Barbara Gisel of the eponymous BGD ltd. has been in the business since 1975. She’s done residential and commercial projects, from sprawling homes in Florida to Las Vegas casinos, her work is eclectic, as is her aesthetic.
When one of her residential clients came to her with their newly-bought historical home in Nantucket, the couple wasn’t sure exactly what to do, but the place had to be refurbished. “It was almost boat-oriented when we started,” Barbara said. “A lot of dark paneling, all the ceiling beams were very low.”
Gisel talked us through the project, and how she created a home that evokes its oceanside setting with something more than blue-and-white stripes and beach-town bric-a-brac.
What were your instructions going into the project?
They wanted something less formal than their other houses, more beachy, pale colors – but they also have children, so all the rugs have patterns and they’re more textural.
How did you begin to lay it out?
When we saw your rugs we thought, ‘ah, this is a good place to start.” So we started with the rugs in the foyer and just built upon them throughout the house.
And after the rug what followed?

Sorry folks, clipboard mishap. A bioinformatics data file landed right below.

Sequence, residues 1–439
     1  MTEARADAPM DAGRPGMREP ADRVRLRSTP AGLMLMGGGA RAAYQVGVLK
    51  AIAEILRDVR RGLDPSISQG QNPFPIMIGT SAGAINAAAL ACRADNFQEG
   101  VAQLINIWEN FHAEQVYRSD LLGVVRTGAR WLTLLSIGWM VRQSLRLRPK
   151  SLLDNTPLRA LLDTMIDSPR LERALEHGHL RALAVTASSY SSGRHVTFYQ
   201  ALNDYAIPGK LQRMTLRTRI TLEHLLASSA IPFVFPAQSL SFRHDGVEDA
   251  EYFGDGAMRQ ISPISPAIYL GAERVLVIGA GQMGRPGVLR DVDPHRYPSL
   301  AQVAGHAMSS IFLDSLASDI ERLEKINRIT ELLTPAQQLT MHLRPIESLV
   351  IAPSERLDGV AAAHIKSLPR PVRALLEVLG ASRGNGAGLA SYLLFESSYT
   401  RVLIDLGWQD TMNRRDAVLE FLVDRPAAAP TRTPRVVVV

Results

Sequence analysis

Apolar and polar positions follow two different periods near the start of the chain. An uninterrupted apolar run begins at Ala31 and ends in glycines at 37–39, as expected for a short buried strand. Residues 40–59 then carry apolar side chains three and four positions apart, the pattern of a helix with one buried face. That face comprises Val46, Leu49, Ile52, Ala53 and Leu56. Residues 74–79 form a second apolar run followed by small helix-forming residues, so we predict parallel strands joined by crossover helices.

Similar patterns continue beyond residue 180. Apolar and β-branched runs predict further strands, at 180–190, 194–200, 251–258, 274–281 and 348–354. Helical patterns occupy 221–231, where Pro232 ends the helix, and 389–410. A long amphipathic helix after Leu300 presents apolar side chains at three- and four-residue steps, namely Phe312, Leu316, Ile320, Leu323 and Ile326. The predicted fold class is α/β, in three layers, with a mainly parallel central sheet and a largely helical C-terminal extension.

Then we went on to the fabrics and furniture, also lighting fixtures are always something we do fairly early on. Then we do art at the end.
What is it that gives this home that ‘edge,’ where I can look at these photos and feel like I’m not seeing a typical beach house?
Well I would say the elements that give it that are everything in there. The style of furniture is very mixed, it looks like it was gathered one piece at a time. The edge might be a light fixture that’s not so classical, it might be a little more contemporary. It’s a little bit of the unexpected – you definitely don’t want something that’s always expected.
Talk a little bit about orienting the house to its natural setting without falling into clichés.
It’s very much about bringing the outside inside, and you do it through color and texture. We left all the windows very open, so with that you have to be careful with the fabrics that you use. Lighter colors are better and you get them sun treated so they don’t get destroyed. We faced the chairs toward the windows as opposed to putting things in front of windows.
With respect to your work in general, do you have any rules you follow about rug placement?
It’s all very different. You have to be careful, are there dogs? Children? Things like that. It also has a lot to do with architecture. If the architecture is a very strong element, a lot of times you don’t want to have a rug that’s fighting that. We have a house in Canada that’s very textural so I’m keeping everything calm, not a lot of patterns.
How would you broadly describe your aesthetic?
We tend to be very eclectic in our choices. We can do anything that anybody wants, but one of our trademarks is we’re very individualistic in our design, so the client has a lot of say about what they want. If they don’t know, we can do that too. We don’t have a style that we follow. It’s always different.
See more of Barbara’s projects here.